Times of India

Lalu Prasad is like Reagan

Train journeys have increasingly become a part of my life. My ancient mother had been ailing in an ashram on the banks of the Beas River in Punjab, and I would try to visit her as often as I could. But she was 91 and age finally caught up with her. She passed away one night after living a life that I expect was better than that of most of my countrymen.

Don’t despair over integrity

One ought to read a great book twice, at least. When I first read Leo Tolstoy's War and Peace I was too young. I was only interested in the plot and the relationships between Natasha, Andrei, and Pierre. When I read it again in my forties, I was deeply moved by its moral concerns. I realised that the novel is really about the way we deceive ourselves, how we are false to others, how we oppress fellow human beings, and how we're deeply unjust in our day to day lives. Most of this moral blindness seems man-made and avoidable. It makes one wonder if this is an intractable human condition, or can we change it?

How to score a self-goal

Truly, we are a wondrous land! In a country where two thirds of the children are undernourished, where 70 percent of the people cannot access safe sanitation and 65 infants die out of a thousand born, we are seriously debating the pesticide levels in a product that is probably the safest in the world from a pesticide perspective. Sadly, the controversy has created a scare in a nation which has among the lowest pesticide residues in its food chain. Indian diets contain roughly 18 percent of acceptable daily intake levels of pesticide versus Western diets which have 40 to 50 percent, according to international experts. The reason is that our diets are extensively vegetarian; and meat inherently has higher pesticide levels via the grains ingested by animals in the food chain.

The difficulty of being good

There is a green playing field near my house where children can usually be found playing cricket. Over the past two months, however, they have quietly switched to football. Since I love football, I stop and linger and watch, hoping to see someone score a goal. But my neighbour says he misses the cricket, and blames this change on “insidious globalization”. He is referring, of course, to last month's World Cup, which should have been a dazzling climax to Zinedine Zidane's glorious career, but instead it left the memory of an angry moment and exposed the tragic flaw in a hero who carried the burden of a divided nation on his shoulders. Like a tragic hero, he went not to his coronation but to his disgrace.

My next Men and Ideas column

Inglish, it's cool!A few years ago TV viewers in Tamil Nadu were entertained by pictures of irate children and grandchildren of Chief Minister, M. Karunanidhi, scolding the police in chaste English while apologetic policemen grovelled in Tamil. The scene was not remarkable except that the amused viewers had been victims of incessant sermons by the mighty minister on the evils of English, and the irony did not escape them.

My next Men and Ideas column

Curse of seniority

Two weeks ago I was invited to a glamorous event in Manhattan celebrating the launch of a special issue of the prestigious Foreign Affairs magazine titled The Rise of India to which I had also contributed. A knowledgeable and well heeled audience heard our moderator begin with Jim Rogers' famous line that he wouldn't invest in India because “it had the worst bureaucracy in the world”. An odd note to begin an event honouring India's rise! It soon became apparent, however, that we must be celebrating the rise of a “private” India. A worrisome question hung over the whole evening--is India rising economically despite the state?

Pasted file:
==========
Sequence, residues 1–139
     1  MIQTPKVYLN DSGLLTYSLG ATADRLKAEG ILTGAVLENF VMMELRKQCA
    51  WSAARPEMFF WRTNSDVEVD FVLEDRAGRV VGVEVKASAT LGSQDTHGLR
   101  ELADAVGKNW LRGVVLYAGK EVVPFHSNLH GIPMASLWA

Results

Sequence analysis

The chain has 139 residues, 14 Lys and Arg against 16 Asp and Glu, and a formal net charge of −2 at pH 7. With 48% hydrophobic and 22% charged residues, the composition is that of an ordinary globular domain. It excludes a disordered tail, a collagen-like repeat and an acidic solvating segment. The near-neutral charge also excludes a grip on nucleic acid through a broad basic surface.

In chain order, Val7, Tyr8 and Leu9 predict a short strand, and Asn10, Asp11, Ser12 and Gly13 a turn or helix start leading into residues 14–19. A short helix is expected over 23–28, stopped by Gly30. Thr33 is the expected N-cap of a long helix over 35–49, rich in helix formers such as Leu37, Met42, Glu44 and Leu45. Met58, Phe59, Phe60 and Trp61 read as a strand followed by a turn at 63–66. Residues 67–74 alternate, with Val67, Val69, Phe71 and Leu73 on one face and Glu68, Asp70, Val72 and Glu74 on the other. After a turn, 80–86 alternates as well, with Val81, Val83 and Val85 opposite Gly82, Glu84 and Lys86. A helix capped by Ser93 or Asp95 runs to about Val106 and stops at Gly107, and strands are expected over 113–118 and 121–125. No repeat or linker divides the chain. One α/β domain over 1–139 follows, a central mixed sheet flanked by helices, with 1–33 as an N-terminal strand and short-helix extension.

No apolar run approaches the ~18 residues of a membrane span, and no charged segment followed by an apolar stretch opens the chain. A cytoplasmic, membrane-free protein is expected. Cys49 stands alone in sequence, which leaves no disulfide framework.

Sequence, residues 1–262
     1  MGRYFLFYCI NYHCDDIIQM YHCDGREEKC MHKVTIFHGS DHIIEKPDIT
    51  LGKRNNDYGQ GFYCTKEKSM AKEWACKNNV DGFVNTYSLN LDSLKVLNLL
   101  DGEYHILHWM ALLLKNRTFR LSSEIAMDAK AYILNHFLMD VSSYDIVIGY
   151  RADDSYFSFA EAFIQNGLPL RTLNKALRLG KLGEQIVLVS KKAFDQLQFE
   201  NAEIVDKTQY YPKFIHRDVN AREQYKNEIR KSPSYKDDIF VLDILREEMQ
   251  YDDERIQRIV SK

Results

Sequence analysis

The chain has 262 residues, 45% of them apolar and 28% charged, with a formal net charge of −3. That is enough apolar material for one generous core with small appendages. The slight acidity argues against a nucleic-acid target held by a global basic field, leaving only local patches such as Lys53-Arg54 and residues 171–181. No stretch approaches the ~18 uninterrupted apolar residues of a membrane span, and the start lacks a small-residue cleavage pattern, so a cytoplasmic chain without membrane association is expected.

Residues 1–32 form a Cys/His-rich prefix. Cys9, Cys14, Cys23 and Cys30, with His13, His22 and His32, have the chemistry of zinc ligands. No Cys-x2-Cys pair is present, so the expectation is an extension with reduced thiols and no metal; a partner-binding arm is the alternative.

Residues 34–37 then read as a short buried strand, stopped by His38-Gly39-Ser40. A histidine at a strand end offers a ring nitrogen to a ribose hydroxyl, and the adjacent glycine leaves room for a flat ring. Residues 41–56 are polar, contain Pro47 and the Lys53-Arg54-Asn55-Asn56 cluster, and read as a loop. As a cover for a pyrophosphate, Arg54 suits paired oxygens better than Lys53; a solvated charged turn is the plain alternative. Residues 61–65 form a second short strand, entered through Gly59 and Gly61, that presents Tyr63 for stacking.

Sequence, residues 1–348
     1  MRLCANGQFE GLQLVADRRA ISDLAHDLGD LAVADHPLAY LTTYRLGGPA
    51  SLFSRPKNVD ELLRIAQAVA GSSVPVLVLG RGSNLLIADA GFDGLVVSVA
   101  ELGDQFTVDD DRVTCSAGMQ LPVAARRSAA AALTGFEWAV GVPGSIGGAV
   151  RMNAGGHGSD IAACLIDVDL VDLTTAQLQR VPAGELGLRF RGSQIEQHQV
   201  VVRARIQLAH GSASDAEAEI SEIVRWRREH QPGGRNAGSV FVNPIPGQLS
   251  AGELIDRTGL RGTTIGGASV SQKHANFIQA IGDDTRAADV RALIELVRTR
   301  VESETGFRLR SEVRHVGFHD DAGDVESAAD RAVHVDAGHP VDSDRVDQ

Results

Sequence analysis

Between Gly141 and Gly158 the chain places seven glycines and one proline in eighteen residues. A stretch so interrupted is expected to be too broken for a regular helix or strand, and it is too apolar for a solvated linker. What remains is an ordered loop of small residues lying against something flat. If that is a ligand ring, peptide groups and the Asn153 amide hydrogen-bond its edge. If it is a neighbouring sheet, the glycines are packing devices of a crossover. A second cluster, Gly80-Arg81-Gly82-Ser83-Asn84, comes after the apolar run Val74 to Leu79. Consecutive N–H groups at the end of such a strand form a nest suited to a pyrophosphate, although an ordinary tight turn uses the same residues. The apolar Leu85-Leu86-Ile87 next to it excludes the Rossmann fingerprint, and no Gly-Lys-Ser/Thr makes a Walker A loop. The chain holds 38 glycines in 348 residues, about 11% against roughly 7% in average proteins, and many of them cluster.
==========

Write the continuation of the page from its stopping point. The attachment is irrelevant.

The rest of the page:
A highway called India

Homi Bhabha, the distinguished professor of English at Harvard, recently described India as a multi-lane highway. This is a happy metaphor, I think, because it captures nicely our diverse multilingual, multicultural, open society in which all are moving forward, albeit at different speeds. At the same forum Amartya Sen added that India had experienced huge gains from the economic reforms and everyone seemed to be rising. The only question is if those in the slow lane are gaining enough from the reforms. He went on to remind us about the English philosopher, David Hume's astonishing thought--market expansion makes us aware of others' lives and thus expands our ethical horizon.

A question of merit

In the recent debate on reservations we have heard much talk about merit. Ever since the decision by the cabinet to extend reservations to the OBC, I have been deluged by anguished email whose common refrain goes like this: Just when things were going well for India, just when we were building a competitive nation based on merit, why did this tragedy have to fall on us?

A hot summer of envy

Ever since the state election results, there has been more than the usual talk about “soaking the greedy middle class” by the emboldened Left. As it is, this government has been obsessed with redistributing poverty, and has done too little to create prosperity, which will only come through genuine reforms. Meanwhile, Arjun Singh, smelling an opportunity to become a Left immortal, has trumped his OBC coalition partners and declared a caste war. It promises to be a long hot summer of envy.

Scholarships, not quotas


When the cabinet meets to consider the proposal for raising caste reservations in institutions of higher learning from 22.5% to 49.5% it should imagine itself to be the admissions committee of one of the Indian Institutes of Technology. It has to choose whether to admit the son of a backward caste businessman from a posh South Delhi address who received low marks or the son of a poor brahmin schoolteacher in Muzaffarpur who got much higher marks. Under Arjun Singh's proposal, the IITs will be forced to admit the privileged son of an OBC businessman and reject the high scoring schoolteacher's son.